FAQs: Free Speech on Campus
Free speech issues are governed by the First Amendment to the United States Constitution, and the subsequent statutory and case law surrounding the issue. First Amendment protection applies to loathsome and unpopular speech with the same force as it does to speech that is celebrated and widely accepted. Because the University of Cincinnati is a public institution, generally many of the outdoor spaces of the University are considered to be a public place. However, speech is not completely without restrictions. Students, faculty and staff are still governed by university policies, which prohibit harassment among other types of misconduct. Additionally, content-neutral restrictions may be placed on the time, place and manner of speech. For example, persons in outdoor venues of the University (i.e. Nippert Stadium) have limited free speech rights in that they may not engage in conduct that interrupts any regularly scheduled event, game, performance, etc. The following Q and A is intended to be an educational primer on common free speech issues. Specific questions should be directed to either the Department of Public Safety or the Office of General Counsel.
Q: What Is Protected Speech?
A: The First Amendment generally allows persons to speak freely while in a public place. Almost any topic is generally permissible, as are most printed materials, visual images, photographs, or physical items put on display. A broad array of language is permissible, including words that some may consider to be profane, vulgar, or extremely descriptive. Issues that may be controversial within the community, such as religion, politics, sexuality, government, military or police issues, etc. are all permissible. Sound amplification can sometimes also be used by a speaker, subject to reasonable time, place and manner restrictions found in University policy. Due to the constitutional nature of this issue, great deference must be shown on the part of law enforcement when dealing with persons speaking in a public place. Police officers generally will not intervene, interrupt, or take any official action against a person who is engaged in protected speech other than enforcing reasonable time, place and manner restrictions.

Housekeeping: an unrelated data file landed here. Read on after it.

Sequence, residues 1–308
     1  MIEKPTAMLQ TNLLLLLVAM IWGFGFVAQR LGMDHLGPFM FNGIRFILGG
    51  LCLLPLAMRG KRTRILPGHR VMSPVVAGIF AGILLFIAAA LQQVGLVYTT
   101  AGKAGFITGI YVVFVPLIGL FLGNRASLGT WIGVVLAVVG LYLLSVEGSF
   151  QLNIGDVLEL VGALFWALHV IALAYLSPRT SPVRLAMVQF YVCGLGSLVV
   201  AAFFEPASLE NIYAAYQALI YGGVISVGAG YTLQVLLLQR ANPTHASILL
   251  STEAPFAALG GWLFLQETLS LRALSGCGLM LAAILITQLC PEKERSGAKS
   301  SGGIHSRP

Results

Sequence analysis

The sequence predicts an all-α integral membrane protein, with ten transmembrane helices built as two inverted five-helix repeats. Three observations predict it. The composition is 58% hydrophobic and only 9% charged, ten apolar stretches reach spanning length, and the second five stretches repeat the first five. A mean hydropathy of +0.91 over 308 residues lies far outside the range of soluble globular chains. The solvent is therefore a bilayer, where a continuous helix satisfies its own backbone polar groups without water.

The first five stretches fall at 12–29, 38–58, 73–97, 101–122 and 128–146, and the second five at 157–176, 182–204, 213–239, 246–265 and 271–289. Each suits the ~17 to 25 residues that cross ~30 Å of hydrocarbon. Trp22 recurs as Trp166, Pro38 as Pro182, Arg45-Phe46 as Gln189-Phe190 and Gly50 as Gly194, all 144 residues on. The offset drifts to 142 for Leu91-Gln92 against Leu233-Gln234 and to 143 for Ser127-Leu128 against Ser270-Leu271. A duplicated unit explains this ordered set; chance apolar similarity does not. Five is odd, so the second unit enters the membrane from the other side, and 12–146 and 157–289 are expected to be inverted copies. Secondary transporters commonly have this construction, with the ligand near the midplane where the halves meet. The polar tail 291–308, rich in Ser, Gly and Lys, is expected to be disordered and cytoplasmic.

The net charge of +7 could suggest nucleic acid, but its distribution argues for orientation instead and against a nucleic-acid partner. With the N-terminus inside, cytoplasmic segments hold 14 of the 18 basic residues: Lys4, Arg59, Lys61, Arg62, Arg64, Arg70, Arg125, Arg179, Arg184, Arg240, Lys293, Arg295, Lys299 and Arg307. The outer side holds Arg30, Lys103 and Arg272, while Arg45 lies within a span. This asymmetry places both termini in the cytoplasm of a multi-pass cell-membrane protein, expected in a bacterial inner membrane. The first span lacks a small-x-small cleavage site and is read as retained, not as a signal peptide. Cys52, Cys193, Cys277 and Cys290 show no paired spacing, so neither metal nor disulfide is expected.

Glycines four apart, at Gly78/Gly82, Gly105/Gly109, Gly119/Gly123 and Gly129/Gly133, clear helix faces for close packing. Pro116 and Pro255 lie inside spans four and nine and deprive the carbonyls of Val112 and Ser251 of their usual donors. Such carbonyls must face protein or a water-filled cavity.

Q: What Is Hate Speech?
A: The term “hate speech” is often misunderstood. Hate speech is not a separate category under the law. Thus, even if speech is hateful or offensive, it is still likely protected by the First Amendment (unless it falls within certain exceptions under the First Amendment, including, but not limited to, the “fighting words” exception explained more fully below).